Self-Financing Alternative: Borrowing Against a 401(k)
By Jo Ann M. Pinto
Conventional wisdom holds that investors should never tap into their retirement funds until they actually retire. Nevertheless, a confluence of recent events—stubbornly low interest rates, volatile equity markets, and mortgage interest rates that haven’t fallen with rates on savings vehicles—suggest that this long-held belief needs to be reexamined.
2000, 2001, and 2002 were not good years for investors. During 2000, the Dow Jones Industrial Average lost 5.02% of its value, the Standard & Poor 500 Index fell 9.10%, and the Nasdaq plunged 39.17%. 2001 was not much better; these indices fell 5.39%, 11.89%, and 20.82%, respectively, for the year. In 2002, the DJIA closed down 16.8% for the year, while the S&P500 lost 23.4% and the Nasdaq lost 31.5%. Savers taking refuge in more conservative investments have also faced paltry returns, as interest rates have fallen on CDs and Treasury Bills. To make matters worse, the cost of servicing mortgage debt has not declined as rapidly as one would expect given other economic indicators.
Ironically, now may be the time to put retirement assets to alternative uses. Specifically, now may be the time to borrow against retirement assets. Emphasis on the word “borrow”; the tax bite, which can be as high as 50% when considering federal, state, and local income taxes and penalties associated with early withdrawals from IRAs and 401(k)s, means that withdrawals should still be near the bottom of the list of options for securing funds, right above paying a visit to a loan shark.
Consider the case of Mr. Green, which illustrates the potential benefits of borrowing against a 401(k) account. (It should be noted that borrowing against IRA assets is not permitted under current tax law.) Green, a professional in his mid-forties, is in the process of acquiring a vacation condominium. The purchase price of the condo is $90,000; Green is sinking $27,000 of his personal savings into the unit, along with a $15,000 gift he received from his parents. Therefore, he needs financing to cover the remaining $48,000. Green considered two financing alternatives: a conventional, 30-year fixed rate mortgage and, at the suggestion of the author, a loan from his 401(k) balance. At first Green was reluctant to consider the second case; an employee benefits counselor in his human resources department warned him that he would not be able to deduct the interest on his income tax return.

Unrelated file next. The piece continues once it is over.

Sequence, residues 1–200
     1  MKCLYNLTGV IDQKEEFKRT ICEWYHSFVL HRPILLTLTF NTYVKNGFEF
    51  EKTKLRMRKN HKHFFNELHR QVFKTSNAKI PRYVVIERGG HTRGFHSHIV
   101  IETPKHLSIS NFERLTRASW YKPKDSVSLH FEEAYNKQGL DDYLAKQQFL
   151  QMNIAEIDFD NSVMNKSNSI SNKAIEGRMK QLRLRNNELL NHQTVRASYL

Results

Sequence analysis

A 30-year fixed rate mortgage, with no points, was carrying an interest rate of 5.75% during February 2003. Green would also incur closing costs (including an application fee, an underwriting fee, and a tax service fee) of approximately $1,800 with the mortgage loan. As his HR representative correctly pointed out, his mortgage interest payments would be tax deductible.
Green’s 401(k) plan allowed for two types of loans: a primary residence mortgage loan and a general-purpose loan. Both loans were limited to 50% of his vested balance. Because he was not obtaining financing for his principal residence, Green had to apply for a general-purpose loan. The plan required that the loan be repaid within 54 months; it carried an interest rate of 6.25%. Interest payments are not tax deductible, but they are credited directly to his 401(k) balance. In essence, Green would be paying interest to himself. Finally, the loan acquisition costs were trivial: a $25 application fee.